By Alexander Bolton - 02-22-17 06:00 AM EST
The most divisive issue for Senate Republicans when it comes to repealing and replacing ObamaCare is what to do with Medicaid.
The Affordable Care Act gave states the option of accepting federal funds to expand Medicaid, the healthcare program for the poor and disabled. Millions of people gained health insurance after 31 states - including many with Republican governors - decided to accept the deal.
Repealing ObamaCare would end the Medicaid expansion, cutting federal funds to all of those states.
Some Republicans want to save the expansion at least through a transition period during which states would continue to get additional federal funds.
Others, including lawmakers from states that didn't take the expansion, say all of ObamaCare has to go, with no long, costly transition period for Medicaid.
The fact that some states took the expansion and others didn't provides a dividing line that will pit Republicans against one another.
Sen. John Thune (R-S.D.) calls it the single thorniest issue of the entire debate.
"You don't want to punish or penalize states that didn't expand [Medicaid], but the states that did expand are going to say, 'We don't want to get punished for expanding, either.' To me, that's probably the thorniest and most difficult issue to resolve," said Thune, the chairman of the Senate Republican Conference.
Twenty Republican senators represent states that expanded Medicaid under ObamaCare, which the federal government subsidized entirely for the first three years of the expansion. Many want to keep the federal subsidies providing for the expansion.
Thirty-two Senate Republicans represent states that opted out of the Medicaid expansion. Many of them don't think it's fair for states that opted in to keep getting federal help.
It's a bigger fight in the Senate than in the House, where the GOP last week unveiled a proposal to roll back federal subsidies for Medicaid. The House plan does not specify when this would happen.
If states want to keep the Medicaid expansion, House policymakers say they will have to find the money themselves. If they cut back, they say, low-income individuals and families would be eligible for a new, yet-to-be-specified refundable tax credit to buy private insurance.
Ohio Gov. John Kasich, a Republican, said the House proposal "means phasing out coverage."
"That is a very, very bad idea, because we cannot turn our back on the most vulnerable," he told CNN's "State of the Union."
Nearly 620,000 people in Ohio were made eligible for Medicaid under ObamaCare.
Sen. Rob Portman (R-Ohio) says he wants to make sure that constituents who received new health coverage through Medicaid don't lose it.
He and Sen. Shelley Moore Capito (R-W.Va.) have met with Republicans from other states that agreed to the Medicaid expansion.
Medicaid and the Children's Health Insurance Program, which covers low-income minors, cover 29 percent of West Virginians. That's the highest percentage of any state, according to the Kaiser Family Foundation.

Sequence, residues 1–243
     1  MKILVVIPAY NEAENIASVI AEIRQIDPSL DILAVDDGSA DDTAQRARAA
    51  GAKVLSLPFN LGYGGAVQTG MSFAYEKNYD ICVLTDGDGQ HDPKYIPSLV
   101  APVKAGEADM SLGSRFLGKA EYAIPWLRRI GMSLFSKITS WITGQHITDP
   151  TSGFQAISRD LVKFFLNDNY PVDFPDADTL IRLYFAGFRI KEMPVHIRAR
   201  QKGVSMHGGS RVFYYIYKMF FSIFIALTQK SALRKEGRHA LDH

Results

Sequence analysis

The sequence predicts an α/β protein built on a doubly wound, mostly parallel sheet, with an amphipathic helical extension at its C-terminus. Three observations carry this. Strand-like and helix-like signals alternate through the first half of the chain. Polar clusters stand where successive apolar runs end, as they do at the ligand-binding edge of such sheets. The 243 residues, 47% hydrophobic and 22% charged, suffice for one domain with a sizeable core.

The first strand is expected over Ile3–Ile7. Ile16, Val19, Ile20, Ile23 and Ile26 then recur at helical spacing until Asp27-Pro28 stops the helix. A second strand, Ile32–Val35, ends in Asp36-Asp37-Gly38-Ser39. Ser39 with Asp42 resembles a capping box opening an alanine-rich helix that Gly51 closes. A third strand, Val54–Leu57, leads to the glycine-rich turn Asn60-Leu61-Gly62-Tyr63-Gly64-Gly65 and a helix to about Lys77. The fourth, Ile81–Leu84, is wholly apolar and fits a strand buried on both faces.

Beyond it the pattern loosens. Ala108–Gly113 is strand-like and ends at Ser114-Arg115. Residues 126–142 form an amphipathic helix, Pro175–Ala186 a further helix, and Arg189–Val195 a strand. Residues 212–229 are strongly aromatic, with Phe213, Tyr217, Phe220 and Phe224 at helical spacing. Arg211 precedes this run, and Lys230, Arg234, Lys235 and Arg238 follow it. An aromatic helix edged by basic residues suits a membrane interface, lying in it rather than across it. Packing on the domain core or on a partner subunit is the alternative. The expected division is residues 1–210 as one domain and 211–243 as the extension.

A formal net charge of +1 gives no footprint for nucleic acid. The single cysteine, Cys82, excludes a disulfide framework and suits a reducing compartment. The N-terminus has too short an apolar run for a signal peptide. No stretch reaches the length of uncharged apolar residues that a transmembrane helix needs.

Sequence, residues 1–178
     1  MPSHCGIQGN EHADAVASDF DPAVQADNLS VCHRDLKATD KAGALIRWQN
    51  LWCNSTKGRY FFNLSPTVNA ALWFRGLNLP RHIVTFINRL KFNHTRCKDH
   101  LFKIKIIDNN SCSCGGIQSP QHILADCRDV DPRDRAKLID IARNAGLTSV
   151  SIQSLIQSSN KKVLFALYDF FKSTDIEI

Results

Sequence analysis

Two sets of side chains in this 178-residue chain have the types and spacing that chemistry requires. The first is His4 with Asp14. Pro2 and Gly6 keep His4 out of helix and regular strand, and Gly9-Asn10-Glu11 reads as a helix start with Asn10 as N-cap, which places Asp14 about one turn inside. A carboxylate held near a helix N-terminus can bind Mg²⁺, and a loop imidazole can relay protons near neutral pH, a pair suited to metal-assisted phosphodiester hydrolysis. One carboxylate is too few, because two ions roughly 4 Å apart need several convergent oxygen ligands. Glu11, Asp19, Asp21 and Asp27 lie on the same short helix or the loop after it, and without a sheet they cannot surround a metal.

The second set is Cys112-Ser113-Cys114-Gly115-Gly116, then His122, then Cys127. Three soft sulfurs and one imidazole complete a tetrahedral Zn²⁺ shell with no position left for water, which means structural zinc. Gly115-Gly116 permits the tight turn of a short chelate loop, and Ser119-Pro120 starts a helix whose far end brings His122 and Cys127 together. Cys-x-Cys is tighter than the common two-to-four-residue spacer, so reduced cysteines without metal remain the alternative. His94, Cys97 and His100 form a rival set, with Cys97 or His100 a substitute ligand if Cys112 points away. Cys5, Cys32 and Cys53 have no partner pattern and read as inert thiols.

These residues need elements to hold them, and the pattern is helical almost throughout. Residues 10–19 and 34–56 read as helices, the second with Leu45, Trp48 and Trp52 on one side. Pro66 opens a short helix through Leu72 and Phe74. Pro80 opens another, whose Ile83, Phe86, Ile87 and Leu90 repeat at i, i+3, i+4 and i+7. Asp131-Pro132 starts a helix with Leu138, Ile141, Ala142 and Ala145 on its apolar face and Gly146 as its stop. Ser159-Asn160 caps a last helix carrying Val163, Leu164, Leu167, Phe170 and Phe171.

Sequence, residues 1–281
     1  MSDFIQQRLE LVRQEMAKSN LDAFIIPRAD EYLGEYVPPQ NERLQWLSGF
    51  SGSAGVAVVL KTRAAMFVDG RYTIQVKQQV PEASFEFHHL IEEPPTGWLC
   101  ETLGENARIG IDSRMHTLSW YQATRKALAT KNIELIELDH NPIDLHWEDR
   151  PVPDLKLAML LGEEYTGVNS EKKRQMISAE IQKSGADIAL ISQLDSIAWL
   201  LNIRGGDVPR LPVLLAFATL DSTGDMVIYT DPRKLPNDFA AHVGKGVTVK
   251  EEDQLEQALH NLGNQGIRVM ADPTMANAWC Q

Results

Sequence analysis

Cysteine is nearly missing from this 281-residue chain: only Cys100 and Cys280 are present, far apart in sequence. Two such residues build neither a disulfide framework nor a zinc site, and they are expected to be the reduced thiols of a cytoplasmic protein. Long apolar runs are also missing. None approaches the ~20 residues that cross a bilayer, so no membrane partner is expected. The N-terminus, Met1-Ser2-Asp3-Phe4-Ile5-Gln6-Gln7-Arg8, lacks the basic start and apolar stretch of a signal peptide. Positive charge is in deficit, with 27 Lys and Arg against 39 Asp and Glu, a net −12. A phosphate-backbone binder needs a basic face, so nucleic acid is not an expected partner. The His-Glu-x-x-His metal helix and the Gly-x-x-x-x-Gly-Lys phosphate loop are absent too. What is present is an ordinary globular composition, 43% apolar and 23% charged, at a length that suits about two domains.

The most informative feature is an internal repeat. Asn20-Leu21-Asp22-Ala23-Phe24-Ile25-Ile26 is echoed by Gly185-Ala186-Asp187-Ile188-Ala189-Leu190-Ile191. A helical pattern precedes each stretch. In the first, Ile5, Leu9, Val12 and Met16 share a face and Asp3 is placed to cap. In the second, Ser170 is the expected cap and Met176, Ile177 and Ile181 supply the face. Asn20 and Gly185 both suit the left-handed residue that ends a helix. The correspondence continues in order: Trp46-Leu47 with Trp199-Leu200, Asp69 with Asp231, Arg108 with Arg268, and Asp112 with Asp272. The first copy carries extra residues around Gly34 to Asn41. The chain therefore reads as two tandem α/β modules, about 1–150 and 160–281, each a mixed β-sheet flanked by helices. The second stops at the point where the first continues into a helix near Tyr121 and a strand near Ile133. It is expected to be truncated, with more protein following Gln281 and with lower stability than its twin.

"Sen. Capito is committed to ensuring that there is a stable transition when ObamaCare is repealed to avoid any gaps in coverage and ensure those currently covered by the Medicaid expansion are protected and retain access to healthcare," said Amy Graham, a spokeswoman for Capito.
Sen. Chuck Grassley (R-Iowa) took fire from constituents angry about possible cuts to ObamaCare during a town hall meeting in Iowa Falls on Tuesday.
Grassley insisted that the 11 million new people who signed up for Medicaid under the 2010 law will still "be able to get the subsidy," according to video of the meeting provided by American Bridge, a pro-Democrat advocacy group.
He said either states would subsidize the expanded enrollment or "there will be a refundable tax credit for low-income people."
But just how the refundable tax credit would work has yet to be fully understood by many GOP lawmakers, and it's unclear whether it would be enough to buy insurance covering the same services as Medicaid.
Controversy over repealing the Medicaid expansion erupted among Senate Republicans two years ago when they passed legislation under special budgetary rules at the end of 2015.
Senate Majority Leader Mitch McConnell (R-Ky.) brokered a deal at the time to ease the concerns of colleagues such as Portman and Capito by proposing a two-year transition period to end the Medicaid expansion.
The stakes were lower then, because everyone knew President Obama would veto the bill.
President Trump is expected to sign the ObamaCare repeal measure into law, meaning whatever the Republican Congress does now is likely to become reality.
Sen. Steve Daines (R), whose home state of Montana also agreed to the Medicaid expansion, is floating a four-year transition period to a new safety net for low-income families.
"As [Vice President] Mike Pence said, we need to have a soft landing and not too long a runway. I'm actually tossing out a four-year kind of transition right now, but to really give the states the power there of how they want to spend money," Daines told The Hill.
That kind of talk rankles conservatives such as Kentucky Sen. Rand Paul (R). Though his state adopted the Medicaid expansion, he's adamantly opposed to "partial" repeal plans.
"One thing we were unified on about a year ago when we voted was complete repeal," he said. "That's all some of us are going to vote for.
"There's still division. There are some people who want to keep part of ObamaCare," he said.
Peter Sullivan contributed.